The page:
GC Report’s article “The Road to Building Stellar with Jed McCaleb on Block Zero” describes the co-founder’s path to creating the recent blockchain company. Though the company was created in 2014, the path McCaleb took to create it was winding. He created this financial network as a non-profit to help repair the outdated infrastructure of the current financial system which currently limits the potential economic improvement within the world at large. The company connects technology and digital financial literacy. McCaleb hopes the company will eventually allow for full participation in the world’s economy.
McCaleb first became interested in digital finances in 2010 after he read an article on the popular technology site Slashdot. The article discussed a new technology called Bitcoin. McCaleb’s interest led him to the popular bitcoin centered chat called Bitcointalk. He was interested in the idea of a currency that wasn’t controlled centrally, but he wasn’t entirely sure it was possible.
After encountering the idea, he created a centralized trading exchange for Bitcoin called Mt. Gox. Mt Gox was one of the few exchanges available at the time for the digital currency and at one point in 2011, it controlled nearly 80% of all the cryptocurrency exchange. In 2011, McCaleb left Mt. Gox and sold it to Mark Karpeles, a software developer. Though he retained a small stake in the company of 12%, he wanted to dedicate his time to solving the issues at the heart of Bitcoin.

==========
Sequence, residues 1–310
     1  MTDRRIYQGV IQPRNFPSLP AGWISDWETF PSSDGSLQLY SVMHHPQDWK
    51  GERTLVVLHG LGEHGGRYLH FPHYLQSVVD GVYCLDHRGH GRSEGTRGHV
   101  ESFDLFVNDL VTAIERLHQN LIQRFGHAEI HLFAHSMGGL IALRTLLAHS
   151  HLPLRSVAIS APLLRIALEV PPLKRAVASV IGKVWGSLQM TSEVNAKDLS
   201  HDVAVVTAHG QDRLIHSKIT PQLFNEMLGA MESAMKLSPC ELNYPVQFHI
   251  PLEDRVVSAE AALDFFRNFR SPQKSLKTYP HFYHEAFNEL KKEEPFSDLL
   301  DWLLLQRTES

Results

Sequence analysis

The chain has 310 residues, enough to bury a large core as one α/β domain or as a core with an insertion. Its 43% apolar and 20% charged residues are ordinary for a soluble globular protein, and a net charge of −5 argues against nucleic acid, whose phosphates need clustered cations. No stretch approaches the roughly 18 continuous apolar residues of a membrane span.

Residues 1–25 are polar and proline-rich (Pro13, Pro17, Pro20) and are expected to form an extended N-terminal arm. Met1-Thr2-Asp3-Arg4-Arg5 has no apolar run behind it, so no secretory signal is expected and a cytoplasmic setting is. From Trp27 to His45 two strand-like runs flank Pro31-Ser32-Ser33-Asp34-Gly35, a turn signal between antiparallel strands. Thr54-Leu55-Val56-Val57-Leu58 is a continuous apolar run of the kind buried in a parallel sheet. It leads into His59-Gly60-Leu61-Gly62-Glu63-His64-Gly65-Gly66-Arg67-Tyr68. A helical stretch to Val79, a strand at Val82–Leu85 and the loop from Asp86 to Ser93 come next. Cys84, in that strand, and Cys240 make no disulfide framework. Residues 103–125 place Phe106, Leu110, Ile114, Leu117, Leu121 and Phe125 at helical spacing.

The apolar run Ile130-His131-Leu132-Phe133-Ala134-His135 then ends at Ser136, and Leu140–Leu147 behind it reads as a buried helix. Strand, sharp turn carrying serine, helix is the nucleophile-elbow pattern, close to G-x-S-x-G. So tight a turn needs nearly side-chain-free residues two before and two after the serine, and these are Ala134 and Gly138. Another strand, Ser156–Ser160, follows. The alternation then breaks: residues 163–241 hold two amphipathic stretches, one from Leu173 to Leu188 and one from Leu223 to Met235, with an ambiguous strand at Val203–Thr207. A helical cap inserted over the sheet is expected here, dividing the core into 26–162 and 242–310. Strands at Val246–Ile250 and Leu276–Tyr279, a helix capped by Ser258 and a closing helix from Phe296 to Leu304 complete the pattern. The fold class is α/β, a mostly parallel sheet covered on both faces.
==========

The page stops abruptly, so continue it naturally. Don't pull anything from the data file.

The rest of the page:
According to McCaleb, one of the largest issues the cryptocurrency was facing at the time was the inefficient mining abilities. It bothered McCaleb to the point of starting another company to solve the issue. The company eventually grew beyond McCaleb’s idea for it and became bigger than the original idea.
Then in 2014, McCaleb started the Stellar protocol. The Stellar Development Foundation was founded to oversee it. It was created to oversee the internet-level protocol for payments of the cryptocurrency. McCaleb wanted to create a network of banks and other financial institutions that could function in a similar way to email, streamlining the process.
McCaleb is also the advisor for a variety of companies like Machine Intelligence Research Institute and Mobius. More: Jed McCaleb on LinkedIn.